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Title: Structure of the catalytic domain of the colistin resistance enzyme MCR-1

Abstract

Due to the paucity of novel antibiotics, colistin has become a last resort antibiotic for treating multidrug resistant bacteria. Colistin acts by binding the lipid A component of lipopolysaccharides and subsequently disrupting the bacterial membrane. The recently identified plasmid-encoded MCR-1 enzyme is the first transmissible colistin resistance determinant and is a cause for concern for the spread of this resistance trait. MCR-1 is a phosphoethanolamine transferase that catalyzes the addition of phosphoethanolamine to lipid A to decrease colistin affinity. The structure of the catalytic domain of MCR-1 at 1.32 Å reveals the active site is similar to that of related phosphoethanolamine transferases. The putative nucleophile for catalysis, threonine 285, is phosphorylated in cMCR-1 and a zinc is present at a conserved site in addition to three zincs more peripherally located in the active site. As noted for catalytic domains of other phosphoethanolamine transferases, binding sites for the lipid A and phosphatidylethanolamine substrates are not apparent in the cMCR-1 structure, suggesting that they are present in the membrane domain.

Authors:
 [1];  [2];  [3];  [4];  [5]; ORCiD logo [1]
  1. Baylor College of Medicine, Houston, TX (United States). Verna and Marrs McLean Dept. of Biochemistry and Molecular Biology; Baylor College of Medicine, Houston, TX (United States). Dept. of Pharmacology
  2. Lawrence Berkeley National Lab. (LBNL), Berkeley, CA (United States). Berkeley Center for Structural Biology, Molecular Biophysics and Integrated Bioimaging
  3. Baylor College of Medicine, Houston, TX (United States). Verna and Marrs McLean Dept. of Biochemistry and Molecular Biology
  4. Univ. of Fribourg (Switzerland). Lab. of Signal and Image Processing (INSERM), Infection, Antimicrobials, Modelling, Evolution (IAME), Dept. of Medicine, Medical and Molecular Microbiology Emerging Antibiotic Resistance Unit
  5. Univ. of Fribourg (Switzerland). Lab. of Signal and Image Processing (INSERM), Infection, Antimicrobials, Modelling, Evolution (IAME), Dept. of Medicine, Medical and Molecular Microbiology Emerging Antibiotic Resistance Unit; Univ. of Lausanne (Switzerland). Univ. Hospital Center
Publication Date:
Research Org.:
Lawrence Berkeley National Lab. (LBNL), Berkeley, CA (United States)
Sponsoring Org.:
USDOE Office of Science (SC), Basic Energy Sciences (BES) (SC-22); National Institutes of Health (NIH); Robert Welch Foundation
OSTI Identifier:
1377497
Grant/Contract Number:  
AC02-05CH11231; T32 AI55449
Resource Type:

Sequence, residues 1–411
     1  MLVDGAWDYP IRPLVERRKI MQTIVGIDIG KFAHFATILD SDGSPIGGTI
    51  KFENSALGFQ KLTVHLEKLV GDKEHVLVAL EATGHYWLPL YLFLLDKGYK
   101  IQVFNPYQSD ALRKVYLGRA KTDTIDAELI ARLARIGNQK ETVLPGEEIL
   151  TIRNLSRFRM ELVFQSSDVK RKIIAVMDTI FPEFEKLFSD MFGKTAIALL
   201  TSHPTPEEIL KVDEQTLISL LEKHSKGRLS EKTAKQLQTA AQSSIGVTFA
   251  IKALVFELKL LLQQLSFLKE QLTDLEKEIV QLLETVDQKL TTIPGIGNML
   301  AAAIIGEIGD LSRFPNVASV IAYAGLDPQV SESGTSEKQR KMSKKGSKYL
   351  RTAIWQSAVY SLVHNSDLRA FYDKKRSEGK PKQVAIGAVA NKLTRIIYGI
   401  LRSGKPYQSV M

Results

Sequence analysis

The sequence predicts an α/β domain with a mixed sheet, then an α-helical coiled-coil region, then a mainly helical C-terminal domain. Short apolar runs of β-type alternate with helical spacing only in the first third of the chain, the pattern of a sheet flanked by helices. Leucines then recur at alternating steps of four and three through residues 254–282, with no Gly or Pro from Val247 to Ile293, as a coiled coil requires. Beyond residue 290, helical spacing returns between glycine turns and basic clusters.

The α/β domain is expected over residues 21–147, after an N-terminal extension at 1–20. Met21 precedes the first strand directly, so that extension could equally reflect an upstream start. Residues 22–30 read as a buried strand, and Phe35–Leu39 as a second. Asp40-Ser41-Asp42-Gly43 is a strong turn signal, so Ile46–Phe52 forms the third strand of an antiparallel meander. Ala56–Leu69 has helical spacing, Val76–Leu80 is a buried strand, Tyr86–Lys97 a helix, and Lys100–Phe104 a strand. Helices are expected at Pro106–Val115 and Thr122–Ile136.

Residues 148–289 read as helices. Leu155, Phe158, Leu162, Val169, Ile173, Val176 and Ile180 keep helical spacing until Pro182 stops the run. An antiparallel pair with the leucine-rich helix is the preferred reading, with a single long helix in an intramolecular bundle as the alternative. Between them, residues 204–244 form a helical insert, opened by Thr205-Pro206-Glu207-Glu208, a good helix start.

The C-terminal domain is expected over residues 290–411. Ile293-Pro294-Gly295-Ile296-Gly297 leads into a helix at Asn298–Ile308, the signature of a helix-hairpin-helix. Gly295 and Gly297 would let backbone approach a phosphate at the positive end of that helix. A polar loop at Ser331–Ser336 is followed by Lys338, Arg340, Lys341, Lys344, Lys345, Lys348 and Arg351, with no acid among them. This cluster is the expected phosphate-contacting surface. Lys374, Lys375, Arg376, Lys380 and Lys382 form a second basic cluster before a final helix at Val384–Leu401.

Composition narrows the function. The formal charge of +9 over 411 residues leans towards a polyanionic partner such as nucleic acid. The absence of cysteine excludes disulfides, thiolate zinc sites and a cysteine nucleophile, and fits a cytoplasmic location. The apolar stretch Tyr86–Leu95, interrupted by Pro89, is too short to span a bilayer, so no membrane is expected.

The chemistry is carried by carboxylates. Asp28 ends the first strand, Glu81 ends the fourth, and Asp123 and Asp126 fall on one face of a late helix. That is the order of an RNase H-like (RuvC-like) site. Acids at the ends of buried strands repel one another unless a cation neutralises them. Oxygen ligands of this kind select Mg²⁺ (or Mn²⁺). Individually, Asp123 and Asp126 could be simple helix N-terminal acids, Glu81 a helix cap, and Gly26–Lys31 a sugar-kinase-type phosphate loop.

Journal Article: Accepted Manuscript
Journal Name:
BMC Biology
Additional Journal Information:
Journal Volume: 14; Journal Issue: 1; Journal ID: ISSN 1741-7007
Publisher:
BioMed Central
Country of Publication:
United States
Language:
English
Subject:
59 BASIC BIOLOGICAL SCIENCES; 60 APPLIED LIFE SCIENCES

Citation Formats

Stojanoski, Vlatko, Sankaran, Banumathi, Prasad, B. V. Venkataram, Poirel, Laurent, Nordmann, Patrice, and Palzkill, Timothy. Structure of the catalytic domain of the colistin resistance enzyme MCR-1. United States: N. p., 2016. Web. doi:10.1186/s12915-016-0303-0.
Stojanoski, Vlatko, Sankaran, Banumathi, Prasad, B. V. Venkataram, Poirel, Laurent, Nordmann, Patrice, & Palzkill, Timothy. Structure of the catalytic domain of the colistin resistance enzyme MCR-1. United States. doi:10.1186/s12915-016-0303-0.
Stojanoski, Vlatko, Sankaran, Banumathi, Prasad, B. V. Venkataram, Poirel, Laurent, Nordmann, Patrice, and Palzkill, Timothy. Wed . "Structure of the catalytic domain of the colistin resistance enzyme MCR-1". United States. doi:10.1186/s12915-016-0303-0. https://www.osti.gov/servlets/purl/1377497.
@article{osti_1377497,
title = {Structure of the catalytic domain of the colistin resistance enzyme MCR-1},
author = {Stojanoski, Vlatko and Sankaran, Banumathi and Prasad, B. V. Venkataram and Poirel, Laurent and Nordmann, Patrice and Palzkill, Timothy},
abstractNote = {Due to the paucity of novel antibiotics, colistin has become a last resort antibiotic for treating multidrug resistant bacteria. Colistin acts by binding the lipid A component of lipopolysaccharides and subsequently disrupting the bacterial membrane. The recently identified plasmid-encoded MCR-1 enzyme is the first transmissible colistin resistance determinant and is a cause for concern for the spread of this resistance trait. MCR-1 is a phosphoethanolamine transferase that catalyzes the addition of phosphoethanolamine to lipid A to decrease colistin affinity. The structure of the catalytic domain of MCR-1 at 1.32 Å reveals the active site is similar to that of related phosphoethanolamine transferases. The putative nucleophile for catalysis, threonine 285, is phosphorylated in cMCR-1 and a zinc is present at a conserved site in addition to three zincs more peripherally located in the active site. As noted for catalytic domains of other phosphoethanolamine transferases, binding sites for the lipid A and phosphatidylethanolamine substrates are not apparent in the cMCR-1 structure, suggesting that they are present in the membrane domain.},
doi = {10.1186/s12915-016-0303-0},
journal = {BMC Biology},
number = 1,
volume = 14,
place = {United States},
year = {Wed Sep 21 00:00:00 EDT 2016},
month = {Wed Sep 21 00:00:00 EDT 2016}
}

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